Annals of nouning: hang

From Dennis Preston, this item from Ann Arbor:

And we’d be surprised if some of the hiccups we encountered don’t get taken care of before our next visit. In the meantime, the Wurst is a really fun place for a hang and a nice addition to Ypsilanti’s food-and-drink landscape. (link)

Yes, a nouning of the intransitive slang verb hang ‘hang out (with)’. New to Dennis (and to me), but not to the world in general.

A few more cites:

mac is a more suitable venue for a festival than the CBSO Centre (much as I love the latter venue) as it has various different sized rooms, a good bar, a cafe with a range of food and it is, both inside and outside, a nice place for a hang. (link)

just had a great hang with my West High School combo students. leftovers galore. (link)

Good hangs with dougie today, top lad. (link)

Good Hangs Near Tips and Howlin Wolf

I’m coming with a large group for JazzFest and am looking for places for dinner/drinks before the shows. (link)

(In a separate development, the computer verb hang ‘hang up, freeze’ has been nouned:

I have no idea whether this would be a problem with your use of PHP, but it seems the most likely place for a hang if things are stopping after “htmerge: Sorting…”. (link) )

The verb background. First, the verb hang out, from OED Additions for June 2003:

v. intr.  slang (in early use chiefly U.S.), to spend or pass time, esp. habitually, idly, or at leisure, usually at a specified place or with specified company; to socialize informally, esp. as part of a peer group; (of two or more people) to associate, spend time together; freq. with at, with, etc. [cites from 1846 on]

Older slang than you might have thought. Then to the mid-20th century with hang (more June 2003 Additions):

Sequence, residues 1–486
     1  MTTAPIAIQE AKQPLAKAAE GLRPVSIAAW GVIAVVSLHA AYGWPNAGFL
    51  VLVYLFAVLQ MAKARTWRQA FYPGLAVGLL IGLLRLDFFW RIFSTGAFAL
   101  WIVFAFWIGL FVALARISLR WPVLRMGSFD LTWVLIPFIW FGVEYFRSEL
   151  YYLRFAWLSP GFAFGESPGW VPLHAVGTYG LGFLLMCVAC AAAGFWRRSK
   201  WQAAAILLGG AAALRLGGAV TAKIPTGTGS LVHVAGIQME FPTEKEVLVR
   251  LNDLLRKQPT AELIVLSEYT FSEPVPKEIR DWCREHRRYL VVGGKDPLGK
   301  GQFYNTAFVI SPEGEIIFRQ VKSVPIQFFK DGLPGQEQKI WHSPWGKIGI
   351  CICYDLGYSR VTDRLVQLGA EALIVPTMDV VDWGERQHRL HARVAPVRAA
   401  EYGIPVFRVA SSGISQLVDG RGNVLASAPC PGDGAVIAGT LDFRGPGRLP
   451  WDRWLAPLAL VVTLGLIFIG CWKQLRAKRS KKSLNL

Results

orig. and chiefly U.S. slang. To pass time idly or aimlessly; to associate or socialize informally with (esp. as part of a peer group). Cf. earlier hang out vb. at Additions.

The full set of cites:

1941   New Yorker 26 Apr. 22   To hang,..means to loiter. ‘I used to hang in Forty-sixth Street, front of Variety,’ a small bookmaker may say.

1969   Playboy Dec. 100/1   When I’m not on a football field, I hang with whoever I want to hang with.

1988   D. Waters Heathers (film script) 86   Do you think, do you really think, if Betty Finn’s fairy godmother made her Cool, she’d still act nice and hang with her dweebette friends?

2001   C. Glazebrook Madolescents 207   We could listen to some music, phone for a pizza. I dunno..just hang.

After that 1941 cite, what we have is youth slang, so Heathers was probably inevitable. But the verb and the noun hang seem to be aging along with their speakers.


One Response to “Annals of nouning: hang

  1. Rick Sprague Says:

    I picked up the verb hang “socialize informally” from my young friends within the last ten years or so, but don’t recall hearing it nouned in that sense. However, I’m pretty sure I used the computer-related noun hang back when I was a systems programmer/analyst, at least 20 years ago. Never occurred to me that it was an extended usage at the time, but then I wasn’t following linguistics blogs back then either.

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